If you're a salary cap nerd like me, you'll find this interesting.
Last night Eric Pincus of Basketball Insiders tweeted that the Celtics may be holding off on signing Evan Turner until they make a final move on
Curious to find out how much Celtics will pay Evan Turner - may not be able to sign until cutting/trading Keith Bogans (possible hard cap)
— Eric Pincus (@EricPincus) August 20, 2014
Now I did some research trying to figure out if this was the case, and I do think that Pincus may be correct.
While Bogans' deal is not guaranteed, for hard cap purposes it counts until he is moved. Same with Chris Johnson and Chris Babb, who have much smaller non-guaranteed deals. Basically, until these guys are traded or waived, their salary sits on the books and counts towards the hard cap.
So what is the hard cap?
The hard cap is a salary number that a team cannot go over in any circumstances, and it's always $4 million more than the luxury tax (so $80,829,000 for 2014-15). You'll also hear this called the "tax apron". You may remember that the Celtics were hard capped last season because they completed a sign-and-trade for Bogans, which is one of the three reasons a team can be hard capped.
Here are all three:
1. If they receive a player in a sign-and-trade
2. They use their bi-annual exception on a player
3. They use a portion of their mid-level exception larger than the tax payers MLE (which is set at $3.3 million this year)
While the Celtics have not yet done any of these things yet, if Turner is getting more than $3.3M/year his signing would put a hard cap on the team.
And if you take a look at the Celtics current salary situation, they sit at $78,766,819 in commitments before Turner (including non-guaranteed deals). That leaves them just $2.1 million below the potential hard cap, so obviosuly if Turner is getting more than $3.3 million (which he would need to be to put the hard cap in place)..the Celtics wouldn't be able to sign him until Bogans is gone.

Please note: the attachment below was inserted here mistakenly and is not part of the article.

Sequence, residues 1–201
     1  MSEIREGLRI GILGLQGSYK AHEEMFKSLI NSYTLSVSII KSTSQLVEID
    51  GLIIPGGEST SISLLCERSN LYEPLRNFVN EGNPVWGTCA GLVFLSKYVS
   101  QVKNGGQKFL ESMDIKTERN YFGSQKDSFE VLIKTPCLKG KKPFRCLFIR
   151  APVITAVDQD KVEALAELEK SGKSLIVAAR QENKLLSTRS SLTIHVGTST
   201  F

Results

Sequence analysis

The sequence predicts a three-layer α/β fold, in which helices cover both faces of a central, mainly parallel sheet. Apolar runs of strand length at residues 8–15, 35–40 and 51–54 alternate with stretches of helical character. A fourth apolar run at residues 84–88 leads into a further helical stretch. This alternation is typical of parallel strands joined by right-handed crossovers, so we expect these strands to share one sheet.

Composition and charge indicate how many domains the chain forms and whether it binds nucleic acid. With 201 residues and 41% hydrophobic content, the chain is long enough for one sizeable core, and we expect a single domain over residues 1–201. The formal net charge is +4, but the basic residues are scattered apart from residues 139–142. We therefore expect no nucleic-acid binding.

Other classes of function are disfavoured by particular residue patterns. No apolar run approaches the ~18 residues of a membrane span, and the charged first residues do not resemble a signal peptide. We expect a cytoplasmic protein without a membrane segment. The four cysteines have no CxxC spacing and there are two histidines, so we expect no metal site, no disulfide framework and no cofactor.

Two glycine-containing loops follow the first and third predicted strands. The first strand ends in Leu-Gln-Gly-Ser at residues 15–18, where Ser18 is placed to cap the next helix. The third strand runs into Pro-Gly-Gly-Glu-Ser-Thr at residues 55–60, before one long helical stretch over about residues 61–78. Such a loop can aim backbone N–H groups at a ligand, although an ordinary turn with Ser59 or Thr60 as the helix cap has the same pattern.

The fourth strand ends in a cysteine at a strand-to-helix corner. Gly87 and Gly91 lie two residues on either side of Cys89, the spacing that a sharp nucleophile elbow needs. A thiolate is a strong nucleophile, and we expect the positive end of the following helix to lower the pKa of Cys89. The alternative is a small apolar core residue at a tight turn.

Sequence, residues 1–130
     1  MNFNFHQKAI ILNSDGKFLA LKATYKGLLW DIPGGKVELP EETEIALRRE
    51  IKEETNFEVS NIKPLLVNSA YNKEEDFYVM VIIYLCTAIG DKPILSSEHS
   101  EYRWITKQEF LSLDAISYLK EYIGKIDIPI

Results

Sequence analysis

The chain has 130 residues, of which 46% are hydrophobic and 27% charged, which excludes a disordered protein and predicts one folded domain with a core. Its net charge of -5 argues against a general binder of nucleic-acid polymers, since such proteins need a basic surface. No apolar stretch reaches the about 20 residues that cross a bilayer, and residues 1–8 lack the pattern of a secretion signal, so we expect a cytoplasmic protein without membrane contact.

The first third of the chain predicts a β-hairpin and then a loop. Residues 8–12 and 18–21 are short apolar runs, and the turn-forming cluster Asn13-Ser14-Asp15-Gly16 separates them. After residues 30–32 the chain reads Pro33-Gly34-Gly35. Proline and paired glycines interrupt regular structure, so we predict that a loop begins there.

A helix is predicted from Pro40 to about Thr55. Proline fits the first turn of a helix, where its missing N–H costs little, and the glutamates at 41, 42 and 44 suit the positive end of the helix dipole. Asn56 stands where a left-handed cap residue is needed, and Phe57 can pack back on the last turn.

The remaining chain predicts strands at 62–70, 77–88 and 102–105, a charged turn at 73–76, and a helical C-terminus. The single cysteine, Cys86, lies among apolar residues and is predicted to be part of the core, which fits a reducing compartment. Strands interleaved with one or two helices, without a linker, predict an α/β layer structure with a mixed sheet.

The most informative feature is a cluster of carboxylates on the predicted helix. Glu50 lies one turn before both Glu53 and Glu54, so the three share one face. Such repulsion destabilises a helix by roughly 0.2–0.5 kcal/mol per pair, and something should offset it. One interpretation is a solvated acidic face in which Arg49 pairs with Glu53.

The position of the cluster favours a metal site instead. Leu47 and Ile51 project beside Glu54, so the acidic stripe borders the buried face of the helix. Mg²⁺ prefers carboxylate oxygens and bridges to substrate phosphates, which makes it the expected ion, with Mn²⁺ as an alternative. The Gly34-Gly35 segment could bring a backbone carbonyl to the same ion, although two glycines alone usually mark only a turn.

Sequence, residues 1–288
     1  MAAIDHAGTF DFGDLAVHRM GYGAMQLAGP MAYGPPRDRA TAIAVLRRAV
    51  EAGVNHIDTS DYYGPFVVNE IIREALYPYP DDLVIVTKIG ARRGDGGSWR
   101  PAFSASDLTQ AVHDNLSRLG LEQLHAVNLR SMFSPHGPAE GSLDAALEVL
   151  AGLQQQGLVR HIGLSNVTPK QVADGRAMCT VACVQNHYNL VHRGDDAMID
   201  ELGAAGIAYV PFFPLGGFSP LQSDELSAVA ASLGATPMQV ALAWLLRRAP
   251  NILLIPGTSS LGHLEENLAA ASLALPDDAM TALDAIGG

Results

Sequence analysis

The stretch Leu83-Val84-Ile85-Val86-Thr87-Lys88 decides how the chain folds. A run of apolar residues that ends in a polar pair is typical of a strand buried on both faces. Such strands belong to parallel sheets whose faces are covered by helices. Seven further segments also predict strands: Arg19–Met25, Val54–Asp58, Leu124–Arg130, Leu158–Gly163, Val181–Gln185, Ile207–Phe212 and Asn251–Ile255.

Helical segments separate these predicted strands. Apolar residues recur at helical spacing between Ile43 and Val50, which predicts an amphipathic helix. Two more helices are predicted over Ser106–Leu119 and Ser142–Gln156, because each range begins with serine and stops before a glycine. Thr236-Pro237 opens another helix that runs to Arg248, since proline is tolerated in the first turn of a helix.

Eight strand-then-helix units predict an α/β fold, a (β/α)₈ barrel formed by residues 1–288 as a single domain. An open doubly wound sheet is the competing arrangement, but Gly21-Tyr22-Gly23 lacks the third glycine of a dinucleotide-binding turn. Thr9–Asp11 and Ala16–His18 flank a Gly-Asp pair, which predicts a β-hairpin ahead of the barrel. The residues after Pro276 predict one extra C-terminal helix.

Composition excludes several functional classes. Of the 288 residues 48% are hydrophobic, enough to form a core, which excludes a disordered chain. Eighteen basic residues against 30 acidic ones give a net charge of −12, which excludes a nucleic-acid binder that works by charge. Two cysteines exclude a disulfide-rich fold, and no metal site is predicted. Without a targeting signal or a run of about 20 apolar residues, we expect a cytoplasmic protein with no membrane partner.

With that in mind I'd expect Turner to remain un-signed until just before training camp, or until Bogans is dealt. This gives Danny Ainge and company as much time as possible to deal Bogans, who's non-guaranteed deal could still come in handy for a team looking to shed salary (although as the summer marches on it becomes less and less likely a deal happens).
But this does seem to finally answer the question of why Turner hasn't been signed. Which in a summer of nothingness remains one of the last questions surrounding the Cs.
Could the delay in signing Evan Turner mean the teams are working on a sign-and-trade?
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For more of my articles, click here Michael Dyer 8/21/2014 12:49:00 PM Tweet